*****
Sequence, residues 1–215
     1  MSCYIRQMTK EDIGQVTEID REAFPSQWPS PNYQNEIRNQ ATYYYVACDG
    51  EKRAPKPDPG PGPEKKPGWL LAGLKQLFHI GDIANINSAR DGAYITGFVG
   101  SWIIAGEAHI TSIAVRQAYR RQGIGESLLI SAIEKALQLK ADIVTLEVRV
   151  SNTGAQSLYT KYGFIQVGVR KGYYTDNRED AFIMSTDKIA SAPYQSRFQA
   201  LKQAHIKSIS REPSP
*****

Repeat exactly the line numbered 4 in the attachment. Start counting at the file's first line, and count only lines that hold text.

   101  SWIIAGEAHI TSIAVRQAYR RQGIGESLLI SAIEKALQLK ADIVTLEVRV